But there are parts of Mysterium that just end up making the game take a bit too long for my liking. For one, there is an extra stage of the game where the Psychics also have to identify the murder weapon associated with them. It just adds some unnecessary time to the game, but the real travesty is that the game structure is set up so that players that are incorrect are just left behind.

Let’s say that you don’t manage to get your Character correct with the Visions, but everyone else does. They move on towards the Locations while you are stuck back at square one. For a cooperative game, this takes away that collaborative, helpful element of making sure that all the Psychics make progress, because everybody who got their Vision correct is focused more heavily on their next set of cards. Mysterium Park fixes that by removing the third round and not progressing anybody until everybody has made it.

From the Ghost’s perspective, Mysterium Park also greatly refines the experience with a massive quality of life improvement. In the original game, the Ghost is managing everything through card slots on a Gamemaster-style screen. It makes setup annoying and more fiddly than it needs to be. Instead, Mysterium Park directs the Ghost through a single card for each round that denotes which cards in the tableau correspond to which players.  I’ve played the original a bunch—oftentimes as the Ghost—and this change alone is enough to make me only want to play Park going forwards.

The last major change that I particularly prefer is that this updated version eliminates the voting phase. In the original, players could vote with limited tokens, indicating whether or not they agreed with a player’s choice. Getting these guesses correct would then help out each Psychic at the end of the game, determining how many Vision cards they would get to see out of the final three. Mysterium Park does away with that completely, speeding up the game while simultaneously eliminating this idea of having a winner within a cooperative game.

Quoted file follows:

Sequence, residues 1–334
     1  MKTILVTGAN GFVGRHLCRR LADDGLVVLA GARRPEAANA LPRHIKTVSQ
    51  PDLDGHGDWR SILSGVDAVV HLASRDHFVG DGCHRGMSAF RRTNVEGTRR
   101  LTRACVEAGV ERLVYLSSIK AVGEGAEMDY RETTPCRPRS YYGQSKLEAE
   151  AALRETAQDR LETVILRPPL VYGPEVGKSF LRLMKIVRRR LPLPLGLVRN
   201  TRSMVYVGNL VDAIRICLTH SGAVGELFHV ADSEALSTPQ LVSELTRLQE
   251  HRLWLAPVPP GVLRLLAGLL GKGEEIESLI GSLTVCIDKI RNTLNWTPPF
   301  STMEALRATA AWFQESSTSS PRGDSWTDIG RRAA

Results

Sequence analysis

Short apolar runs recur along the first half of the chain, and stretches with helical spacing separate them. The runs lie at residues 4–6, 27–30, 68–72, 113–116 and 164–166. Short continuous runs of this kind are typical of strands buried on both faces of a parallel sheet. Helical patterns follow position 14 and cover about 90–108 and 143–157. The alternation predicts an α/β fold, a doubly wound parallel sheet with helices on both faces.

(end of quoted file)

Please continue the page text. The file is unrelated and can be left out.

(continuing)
The crystal ball player pawns for the Mysterium Park board game.

Mysterium Park Deserves an Encore

Now, I will agree with the general consensus that the Vision cards are slightly better in the original version, but I’ve actually ended up combining them all together into a massive deck instead. I’ve also seen people who have combined abstract cards from other games, like Dixit, to bring more variability into the Vision process, with great effect. Make the game your own, mashing cards and rules together to fit the experience your table wants to have.

Whenever I’m introducing newer folks to board gaming, Mysterium Park is one of the top games that I gravitate towards. At the end of the day, the game boils down to guessing which card most closely matches the Vision card being shared by the Ghost. It makes for a simple gateway game that eliminates all the frivolous fluff from the original, standing in the center ring for a standing ovation.

About the author

Abram Towle

Foldable Gamemaster with an affinity for goblinoids. Wades through unnecessarily mountainous piles of dice. Treks through National Parks. Plays tennis with middling success.